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Colombia: Peace talks must remain a priority

12 June 2014 - With the final round of the presidential elections due in Colombia, Christian Aid urges that peace talks between the government and Revolutionary Armed Forces of Colombia (FARC) rebels remain a priority.

One of the two candidates standing on Sunday (June 15), former finance minister Oscar Ivan Zuluaga, recently said the peace negotiations taking place in Havana, Cuba should be suspended.

He is now demanding that the rebels declare a unilateral ceasefire, and agree to serve at least six years in prison before he is prepared to countenance continuing talks to end five decades of conflict.

Christian Aid Colombia country manager, Thomas Mortensen, said: ‘The peace talks which began last year have been fragile but promising. For real and lasting peace, whoever wins must see them through and arrive at agreement.

‘No one is under any illusions that agreement would mean an immediate end to the widespread and systematic violence in the country, but it is an essential step if Colombia is to enjoy peace and justice.

'This week’s Global Summit to End Sexual Violence in London highlights the abuses that have been a hall mark of the conflict in Colombia and elsewhere. To pull out of the talks would amount to a betrayal of all those who have suffered.’

A recent Christian Aid partner report, Colombia: Women, Conflict-related sexual violence and the Peace Process showed just how prevalent rape has been in the conflict.

An estimated 500,000 women have experienced sexual violence in a conflict-related context in Colombia over the past ten years.  With the level of impunity running at more than 98 per cent, only two cases have been resolved of the 150,000 women who have given statements in the last eight years.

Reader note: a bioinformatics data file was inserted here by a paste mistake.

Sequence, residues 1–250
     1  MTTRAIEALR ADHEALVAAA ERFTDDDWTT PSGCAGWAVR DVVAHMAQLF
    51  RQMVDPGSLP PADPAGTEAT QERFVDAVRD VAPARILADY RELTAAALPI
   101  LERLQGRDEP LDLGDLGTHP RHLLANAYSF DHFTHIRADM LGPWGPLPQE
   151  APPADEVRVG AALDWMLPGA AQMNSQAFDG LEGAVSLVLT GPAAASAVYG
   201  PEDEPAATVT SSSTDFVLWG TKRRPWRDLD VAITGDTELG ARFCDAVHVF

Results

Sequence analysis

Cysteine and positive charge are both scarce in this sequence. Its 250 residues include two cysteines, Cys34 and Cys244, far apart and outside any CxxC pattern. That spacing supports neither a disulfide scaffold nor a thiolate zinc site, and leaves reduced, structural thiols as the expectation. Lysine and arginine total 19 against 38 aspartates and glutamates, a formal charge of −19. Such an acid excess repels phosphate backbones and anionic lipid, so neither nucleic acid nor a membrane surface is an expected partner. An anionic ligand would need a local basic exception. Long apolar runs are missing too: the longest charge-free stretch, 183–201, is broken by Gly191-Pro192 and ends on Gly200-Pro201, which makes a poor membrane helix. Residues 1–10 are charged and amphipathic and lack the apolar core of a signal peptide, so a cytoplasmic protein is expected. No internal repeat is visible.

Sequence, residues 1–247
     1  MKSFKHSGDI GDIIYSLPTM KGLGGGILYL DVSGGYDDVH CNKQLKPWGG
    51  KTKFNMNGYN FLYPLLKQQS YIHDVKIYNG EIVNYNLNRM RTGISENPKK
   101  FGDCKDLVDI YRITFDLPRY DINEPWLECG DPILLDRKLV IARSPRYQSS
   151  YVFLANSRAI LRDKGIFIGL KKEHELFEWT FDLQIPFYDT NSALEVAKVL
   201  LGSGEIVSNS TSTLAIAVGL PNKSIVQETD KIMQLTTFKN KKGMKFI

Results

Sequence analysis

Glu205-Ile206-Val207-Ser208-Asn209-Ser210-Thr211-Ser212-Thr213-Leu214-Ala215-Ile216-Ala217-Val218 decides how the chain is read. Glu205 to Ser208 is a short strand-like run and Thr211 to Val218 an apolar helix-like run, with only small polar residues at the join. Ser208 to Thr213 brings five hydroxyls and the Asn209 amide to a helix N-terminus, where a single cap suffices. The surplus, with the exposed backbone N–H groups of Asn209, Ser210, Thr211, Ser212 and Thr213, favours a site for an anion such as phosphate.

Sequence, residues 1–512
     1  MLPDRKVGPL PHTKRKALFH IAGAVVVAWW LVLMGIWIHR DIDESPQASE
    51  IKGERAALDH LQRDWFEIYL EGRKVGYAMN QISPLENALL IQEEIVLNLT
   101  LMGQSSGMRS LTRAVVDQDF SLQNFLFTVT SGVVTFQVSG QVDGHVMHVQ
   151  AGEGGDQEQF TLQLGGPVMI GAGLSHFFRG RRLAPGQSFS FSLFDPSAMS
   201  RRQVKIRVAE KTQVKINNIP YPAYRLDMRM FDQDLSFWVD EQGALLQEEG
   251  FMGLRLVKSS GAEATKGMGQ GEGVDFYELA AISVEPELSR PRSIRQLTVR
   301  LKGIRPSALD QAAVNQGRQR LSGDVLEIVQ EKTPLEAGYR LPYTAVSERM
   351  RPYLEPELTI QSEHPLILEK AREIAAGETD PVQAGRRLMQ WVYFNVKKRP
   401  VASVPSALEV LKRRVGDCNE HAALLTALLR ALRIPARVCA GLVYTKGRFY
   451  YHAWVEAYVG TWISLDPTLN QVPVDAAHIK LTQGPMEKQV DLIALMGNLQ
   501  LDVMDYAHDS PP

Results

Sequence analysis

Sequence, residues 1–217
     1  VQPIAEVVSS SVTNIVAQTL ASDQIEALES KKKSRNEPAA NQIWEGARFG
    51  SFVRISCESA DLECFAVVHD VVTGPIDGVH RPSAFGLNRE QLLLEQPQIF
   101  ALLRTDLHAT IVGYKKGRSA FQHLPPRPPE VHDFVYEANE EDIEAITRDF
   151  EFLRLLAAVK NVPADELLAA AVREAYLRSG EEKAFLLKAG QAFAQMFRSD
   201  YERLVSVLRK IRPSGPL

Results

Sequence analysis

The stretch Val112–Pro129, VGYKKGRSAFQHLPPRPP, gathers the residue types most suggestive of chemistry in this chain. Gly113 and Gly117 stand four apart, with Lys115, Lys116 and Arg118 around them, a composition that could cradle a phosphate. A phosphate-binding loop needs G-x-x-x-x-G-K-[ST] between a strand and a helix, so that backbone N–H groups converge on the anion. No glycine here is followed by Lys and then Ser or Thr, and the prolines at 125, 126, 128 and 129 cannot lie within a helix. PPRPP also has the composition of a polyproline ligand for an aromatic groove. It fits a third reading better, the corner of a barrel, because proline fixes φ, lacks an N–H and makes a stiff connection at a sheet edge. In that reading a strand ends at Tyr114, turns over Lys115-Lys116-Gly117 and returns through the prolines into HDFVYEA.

A recent joint declaration between the Colombian government and FARC said that the rights of victims of the conflict to truth, justice, reparation and guarantee of non-recurrence should be at the heart of any peace deal, and victims have now been invited to take part in the talks.

‘It is important for the talks to be inclusive with a strong say given to the victims, especially women, indigenous people, Afro-Colombian communities and marginalised rural communities,’ said Mr. Mortensen.

‘For a peace deal to be sustainable it will have to respect the rights of victims to truth, justice and reparation,  include a guarantee of non-recurrence and refrain from granting any type of amnesty or pardon for conflict-related sexual violence crimes.

‘The extreme high levels of inequality, the highest in Latin America, are a cause for the ongoing conflict and need to be addressed.  To build peace, the Colombian elite need to accept a more just distribution of power and the victims must  have more power over their lives, resources and land.’

Colombia’s civil war has claimed at least 220,000 lives and left some 5.7 million people displaced, a number surpassed only by those forced to flee their homes in the Syrian conflict.

Although violence has diminished of late, the killing of community leaders, land claimants and human rights advocates continues, along with occasional attacks on government positions.

Today at the Global Summit to End Sexual Violence in Conflict in London Christian Aid partners ABColombia and PBI are holding a panel event at to discuss the costs of speaking out for journalists and human rights defenders. 

Chaired by Channel 4’s Lindsey Hilsum, speakers include Colombian journalist Jineth Bedoya Lima and Claudia Mejia director of Christian Aid partner Sisma Mujer, a Colombian women’s rights organisation. 

To find out more please see link to the event here.

If you would like further information please contact Jo Rogers on 020 7523 2460 and jrogers@christian-aid.org 24 hour press duty phone – 07850 242950

Notes to editors:

1. Christian Aid works in some of the world's poorest communities in around 50 countries at any one time. We act where there is great need, regardless of religion, helping people to live a full life, free from poverty. We provide urgent, practical and effective assistance in tackling the root causes of poverty as well as its effects.

2. Christian Aid’s core belief is that the world can and must be changed so that poverty is ended: this is what we stand for. Everything we do is about ending poverty and injustice: swiftly, effectively, sustainably. Our strategy document Partnership for Change www.christianaid.org.uk/images/partnership-for-change-summary.pdf explains how we set about this task.

3. Christian Aid is a member of the ACT Alliance, a global coalition of more than 130 churches and church-related organisations that work together in humanitarian assistance, advocacy and development. Further details at http://actalliance.org

4. Follow Christian Aid's newswire on Twitter: http://twitter.com/caid_newswire

5. For more information about the work of Christian Aid visit http://www.christianaid.org.uk